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Amasina, a Trio shaman in Suriname and co-author on the Journal of Ethnobiology and Ethnomedicine paper. Photo courtesy of the Amazon Conservation Team.
The need for preservation of medicinal plant knowledge is often cited as a compelling argument for biocultural conservation and ethnobotany in particular. One cannot ‘save’ the medical systems of indigenous tribes alone through written inventories of their medical plant knowledge. Trio ethnomedicine, not unlike our healing tradition, is a complex art of diagnosis, examination, communication, ritual and treatment that can only be transmitted through active practice. The disintegration of traditional systems of health is most devastating to indigenous peoples, who at the same time often have very limited access to extrinsic medical resources. The adoption by organizations of programs that strengthen and retain tribal peoples’ self-sufficiency is critical for their health as well as to enable the transmission of these remarkable medical systems for the benefit of future generations.
The knowledge and treatments of shamans is the product of their own scientific method, accumulated from a progressive cycle of trial, experiment and observation repeated over countless generations. It may not be transmitted in Science or Nature but in many ways is fundamentally based on the very same empirical and pragmatic principles as Western science.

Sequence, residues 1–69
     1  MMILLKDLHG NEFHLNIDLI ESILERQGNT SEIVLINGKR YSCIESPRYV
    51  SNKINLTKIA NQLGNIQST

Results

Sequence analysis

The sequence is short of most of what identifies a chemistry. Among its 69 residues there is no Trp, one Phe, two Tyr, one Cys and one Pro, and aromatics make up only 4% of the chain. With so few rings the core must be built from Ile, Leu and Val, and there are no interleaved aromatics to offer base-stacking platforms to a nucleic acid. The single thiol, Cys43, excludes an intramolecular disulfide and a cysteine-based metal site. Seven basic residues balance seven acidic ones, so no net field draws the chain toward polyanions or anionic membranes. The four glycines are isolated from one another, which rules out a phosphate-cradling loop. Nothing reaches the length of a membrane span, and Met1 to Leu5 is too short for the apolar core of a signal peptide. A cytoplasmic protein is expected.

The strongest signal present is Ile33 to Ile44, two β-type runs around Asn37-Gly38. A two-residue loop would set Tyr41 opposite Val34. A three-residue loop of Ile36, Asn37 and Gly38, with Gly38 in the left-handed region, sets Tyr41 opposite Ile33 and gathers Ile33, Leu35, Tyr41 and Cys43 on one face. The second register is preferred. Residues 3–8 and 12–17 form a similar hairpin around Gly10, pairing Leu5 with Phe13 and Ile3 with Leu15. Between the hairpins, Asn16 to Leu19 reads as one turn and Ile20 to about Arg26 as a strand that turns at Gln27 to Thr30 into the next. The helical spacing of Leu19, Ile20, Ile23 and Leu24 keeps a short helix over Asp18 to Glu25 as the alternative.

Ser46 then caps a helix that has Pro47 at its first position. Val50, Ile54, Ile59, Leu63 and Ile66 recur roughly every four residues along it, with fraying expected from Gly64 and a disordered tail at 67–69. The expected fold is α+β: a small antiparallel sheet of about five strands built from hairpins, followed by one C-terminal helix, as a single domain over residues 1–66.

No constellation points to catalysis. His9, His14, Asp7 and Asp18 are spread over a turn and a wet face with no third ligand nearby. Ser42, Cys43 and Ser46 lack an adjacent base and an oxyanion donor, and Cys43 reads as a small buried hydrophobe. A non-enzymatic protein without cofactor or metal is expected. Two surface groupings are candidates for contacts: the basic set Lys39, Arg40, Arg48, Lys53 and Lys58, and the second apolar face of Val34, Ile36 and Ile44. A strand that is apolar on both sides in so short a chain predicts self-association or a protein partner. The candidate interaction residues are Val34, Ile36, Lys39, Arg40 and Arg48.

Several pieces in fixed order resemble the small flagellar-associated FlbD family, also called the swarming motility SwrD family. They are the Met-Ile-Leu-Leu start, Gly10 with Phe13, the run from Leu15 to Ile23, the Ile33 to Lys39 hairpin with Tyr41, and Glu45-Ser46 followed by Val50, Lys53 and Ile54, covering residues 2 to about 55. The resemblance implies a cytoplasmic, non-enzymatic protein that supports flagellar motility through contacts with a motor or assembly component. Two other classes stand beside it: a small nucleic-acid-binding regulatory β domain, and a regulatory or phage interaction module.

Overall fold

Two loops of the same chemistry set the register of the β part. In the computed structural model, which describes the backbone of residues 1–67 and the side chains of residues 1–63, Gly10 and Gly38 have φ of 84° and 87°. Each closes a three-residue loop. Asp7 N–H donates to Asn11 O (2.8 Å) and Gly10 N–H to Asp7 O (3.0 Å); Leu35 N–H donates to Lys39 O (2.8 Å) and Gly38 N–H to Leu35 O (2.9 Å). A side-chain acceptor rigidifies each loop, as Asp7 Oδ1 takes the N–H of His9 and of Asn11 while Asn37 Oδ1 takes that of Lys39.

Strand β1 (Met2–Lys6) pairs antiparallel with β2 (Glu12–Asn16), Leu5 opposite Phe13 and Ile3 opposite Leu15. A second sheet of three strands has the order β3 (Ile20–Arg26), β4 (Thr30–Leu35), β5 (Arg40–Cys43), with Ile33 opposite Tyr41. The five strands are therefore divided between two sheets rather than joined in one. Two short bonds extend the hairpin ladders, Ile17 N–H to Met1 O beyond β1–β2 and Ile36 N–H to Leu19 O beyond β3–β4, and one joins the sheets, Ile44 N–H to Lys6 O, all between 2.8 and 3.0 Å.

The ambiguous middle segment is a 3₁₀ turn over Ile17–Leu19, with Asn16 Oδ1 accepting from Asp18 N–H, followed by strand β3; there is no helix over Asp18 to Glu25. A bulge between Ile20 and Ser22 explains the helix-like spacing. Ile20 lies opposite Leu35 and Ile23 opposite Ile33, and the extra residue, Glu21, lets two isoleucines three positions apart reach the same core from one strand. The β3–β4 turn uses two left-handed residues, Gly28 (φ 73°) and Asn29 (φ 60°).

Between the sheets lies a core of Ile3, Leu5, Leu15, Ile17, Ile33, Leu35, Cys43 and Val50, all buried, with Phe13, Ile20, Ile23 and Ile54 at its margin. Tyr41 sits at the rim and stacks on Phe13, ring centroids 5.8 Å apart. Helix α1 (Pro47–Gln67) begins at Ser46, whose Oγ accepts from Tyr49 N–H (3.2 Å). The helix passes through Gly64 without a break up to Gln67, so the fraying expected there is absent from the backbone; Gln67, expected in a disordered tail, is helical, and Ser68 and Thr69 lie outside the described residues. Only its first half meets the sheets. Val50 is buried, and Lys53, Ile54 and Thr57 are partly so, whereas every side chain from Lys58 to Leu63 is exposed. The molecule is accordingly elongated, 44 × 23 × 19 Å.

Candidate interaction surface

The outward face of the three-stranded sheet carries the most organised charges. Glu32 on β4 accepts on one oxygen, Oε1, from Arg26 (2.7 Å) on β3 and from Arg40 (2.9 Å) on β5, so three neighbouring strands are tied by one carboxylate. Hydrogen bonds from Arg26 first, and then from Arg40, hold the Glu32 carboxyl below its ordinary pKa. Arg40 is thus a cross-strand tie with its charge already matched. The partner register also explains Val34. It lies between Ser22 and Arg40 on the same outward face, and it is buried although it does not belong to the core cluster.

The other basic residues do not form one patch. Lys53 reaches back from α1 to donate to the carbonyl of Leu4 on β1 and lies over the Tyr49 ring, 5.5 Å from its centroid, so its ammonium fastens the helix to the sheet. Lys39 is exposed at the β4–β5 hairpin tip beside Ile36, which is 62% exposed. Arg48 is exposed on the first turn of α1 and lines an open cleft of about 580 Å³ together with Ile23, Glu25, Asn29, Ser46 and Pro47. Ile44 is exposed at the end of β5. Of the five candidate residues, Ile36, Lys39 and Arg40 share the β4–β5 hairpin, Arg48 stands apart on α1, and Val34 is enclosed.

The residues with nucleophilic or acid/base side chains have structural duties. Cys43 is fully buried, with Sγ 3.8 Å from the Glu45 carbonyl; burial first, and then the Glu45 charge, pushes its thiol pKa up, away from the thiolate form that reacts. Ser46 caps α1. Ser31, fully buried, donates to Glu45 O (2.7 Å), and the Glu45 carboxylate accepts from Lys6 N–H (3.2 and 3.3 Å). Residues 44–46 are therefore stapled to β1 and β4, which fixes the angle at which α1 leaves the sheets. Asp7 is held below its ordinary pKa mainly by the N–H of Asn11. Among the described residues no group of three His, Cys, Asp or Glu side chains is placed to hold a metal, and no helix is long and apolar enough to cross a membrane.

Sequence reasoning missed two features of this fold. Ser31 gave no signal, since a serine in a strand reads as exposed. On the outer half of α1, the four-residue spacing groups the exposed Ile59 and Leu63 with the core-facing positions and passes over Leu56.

Lead author Christopher Herndon, currently a reproductive medicine physician at the University of California, San Francisco, says the findings are a testament to the under-appreciated healing prowess of indigenous shamans.
“Our paper contests a prevailing view in the medical establishment that we, as scientists, have nothing left to learn from so-called ‘primitive’ societies,” he told mongabay.com. “Our ‘Western’ medical system is itself but a compendium of knowledge, wisdom and therapeutics accumulated from past cultures and societies from around the world. We should be justifiably proud of the accomplishments of medical science, but at the same time not lose perspective that these advancements, in many cases, emerged only in the past half-century. My point is that we should not be so quick to sever the umbilical cord of our medical system from the womb of the last remaining cultures that helped gave it birth. We do so at our great loss.”
Shamanism is a product of accumulated knowledge of past generations as well as deep ties—spiritual and physical—to the natural environment. But in a world where forests are being rapidly destroyed and profound cultural transformation is occurring among younger generations in traditional societies, the healing knowledge of shaman is disappearing. Among the Trio, the trajectory was accelerated by the missionaries who initially demonized shamanic practices, ostracizing healers from their communities and leaving an entire generation without the traditional apprentice/mentor relationship that is the basis for passing on knowledge from tribal elders to youths.
We are looking for any ethnobotanists to work with the indigenous education foundation and specifically the suku mentawai project. Please contact us if your are interested.